I’ve been trying to implement two things for my questionnaire. One is a tag cloud which comes back after the user has filled in their answer. This will give them two entry points in to all of these words.
Now I come to write this I’m considering the value of having the tag cloud at all. Is it any more than a trick? Will it help people to reflect on the questionnaire. I’m actually inclined to think that the best things here will be the simplest. People will want to read other people’s answers. They’ll definitely want to do that. Who wouldn’t?
One issue with my questionnaire is spam. Any online text form is open to a lot of spam. I need a way of protecting myself against it. The most common way is the CAPTCHA (stands for Completely Automated Public Turing test to tell Computers and Humans Apart). I hate these things. I think most people do. You know the things where you have to type in a mash of letters and half the time they’re impossible to see and if they’re not, at best they ruin the pleasant flow of the navigation. I really don’t want that. They’re fine for Yahoo! but not for this. I don’t want one of those CAPTCHAs coming near my questionnaire. There’s also a useful page on the accessibility issues associated with CAPTCHAs on the W3C website.
NB – Please note that I wrote most of this post about a week ago but didn’t feel like it was finished for some reason. By rights the date on this ought to be 18th of June.
I’ve found an ajax polling system that takes one closed question, adds it to a database and serves back the results for the poll immediately. Exactly what I need. I had some trouble getting it to work but the basic problems I didn’t figure out myself were solved on this useful ubuntu forum discussion.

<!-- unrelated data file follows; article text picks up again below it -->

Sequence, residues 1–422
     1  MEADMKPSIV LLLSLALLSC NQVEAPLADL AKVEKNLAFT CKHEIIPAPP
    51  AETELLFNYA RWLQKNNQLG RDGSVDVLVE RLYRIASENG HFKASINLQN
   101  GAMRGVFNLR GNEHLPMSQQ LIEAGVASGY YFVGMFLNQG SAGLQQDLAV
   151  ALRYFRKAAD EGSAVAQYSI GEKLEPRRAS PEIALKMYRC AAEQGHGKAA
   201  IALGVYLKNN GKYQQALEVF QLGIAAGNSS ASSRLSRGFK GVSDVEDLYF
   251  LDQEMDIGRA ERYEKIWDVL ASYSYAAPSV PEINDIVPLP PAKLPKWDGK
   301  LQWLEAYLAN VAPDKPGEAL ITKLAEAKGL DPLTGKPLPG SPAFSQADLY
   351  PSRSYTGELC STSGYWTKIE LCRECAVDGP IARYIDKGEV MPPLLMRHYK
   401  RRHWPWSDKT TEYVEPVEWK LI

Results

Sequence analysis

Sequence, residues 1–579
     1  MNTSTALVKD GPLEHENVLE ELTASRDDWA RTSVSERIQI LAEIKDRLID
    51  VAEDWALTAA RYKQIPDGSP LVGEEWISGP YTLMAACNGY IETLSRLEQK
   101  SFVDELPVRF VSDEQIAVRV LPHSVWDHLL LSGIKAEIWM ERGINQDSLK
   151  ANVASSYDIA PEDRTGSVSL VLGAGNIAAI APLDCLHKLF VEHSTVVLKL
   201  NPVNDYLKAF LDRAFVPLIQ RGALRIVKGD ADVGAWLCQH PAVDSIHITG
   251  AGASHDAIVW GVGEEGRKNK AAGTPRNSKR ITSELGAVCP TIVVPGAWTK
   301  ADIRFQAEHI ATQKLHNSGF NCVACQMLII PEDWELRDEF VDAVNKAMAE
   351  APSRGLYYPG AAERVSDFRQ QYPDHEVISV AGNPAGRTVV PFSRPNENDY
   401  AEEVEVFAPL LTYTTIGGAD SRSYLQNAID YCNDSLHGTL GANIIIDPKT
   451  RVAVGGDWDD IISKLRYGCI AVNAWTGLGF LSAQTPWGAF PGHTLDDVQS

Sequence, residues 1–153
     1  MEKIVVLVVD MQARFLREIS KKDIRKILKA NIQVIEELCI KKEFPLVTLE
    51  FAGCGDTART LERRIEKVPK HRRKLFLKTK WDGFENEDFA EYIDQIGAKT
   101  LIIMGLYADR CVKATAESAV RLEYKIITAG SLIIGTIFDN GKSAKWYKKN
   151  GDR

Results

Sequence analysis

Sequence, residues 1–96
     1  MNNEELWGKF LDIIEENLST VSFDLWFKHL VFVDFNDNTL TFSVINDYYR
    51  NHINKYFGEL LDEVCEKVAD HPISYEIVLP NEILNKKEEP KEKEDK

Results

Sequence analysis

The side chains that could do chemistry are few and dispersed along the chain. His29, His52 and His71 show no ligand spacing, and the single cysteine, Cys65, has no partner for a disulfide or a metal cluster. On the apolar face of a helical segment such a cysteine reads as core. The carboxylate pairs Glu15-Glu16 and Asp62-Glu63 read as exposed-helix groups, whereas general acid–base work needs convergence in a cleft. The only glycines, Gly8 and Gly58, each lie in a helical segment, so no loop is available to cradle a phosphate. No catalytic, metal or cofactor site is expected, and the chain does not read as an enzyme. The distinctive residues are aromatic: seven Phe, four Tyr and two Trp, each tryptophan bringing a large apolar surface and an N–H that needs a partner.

I’ve been testing a simple poll script that has a few advantages. These include cookies that stop people from filling out the questionnaire twice, a pie chart that gives results immediately after filling the form out (which is linked to the Google API) and a simple form based admin process that means I can create a questionnaire in ten minutes.
I think I want my questionnaire to appear on humjam in a modal window. This is a window that floats over the top of the main page of a website. My reason for wanting this is that I’m inclined to think the questionnaire should have its own space on the website. With a modal window the rest of the site is displayed behind a semi transparent background over which the modal window content hovers. This is great because the modal window contents are the only thing the user can see, ie – the questionnaire and not the humjam logo and links. At the same time, it’s easy to get back to the main site.
One thing I liked in earlier experiments was the pixelated photographs I used in the background of my prototype questionnaire. I have decided to use these as background images on my humjam website. Each time someone goes to a different page or refreshes there will be a different, random pixelated image. Some of them are rather nice and I’m going to put them here as things in their own right.
I was going to put my questionnaire on its own site. I was going to call it www.all-questionnaire.com. I’ve decided I don’t want to do this. Instead I have bought the domain http://www.humjam.com, which will be a website with a much broader purpose and will feature work by artists other than me. For it to get an audience it needs to be on a site that has some status as a destination in a more general sense. I think the way to achieve this is to create a website that will host more and more art in the future, by many different artists. This way the site will steadily generate more and more incoming links, become more and more searchable with time and will hopefully be a valuable resource.
I’m calling it humjam because the name fell into my head and it stuck. I thought of all sorts of others but they were all taken or just weren’t as good. Humjam is short, semi-alliterative and whenever I’ve told people the name they’ve all read different meanings in it. One friend said it was similar to the Farsi word for ‘Everything comes here’, though he did say his Farsi isn’t that great so I do need to check it with someone who speaks fluent Farsi.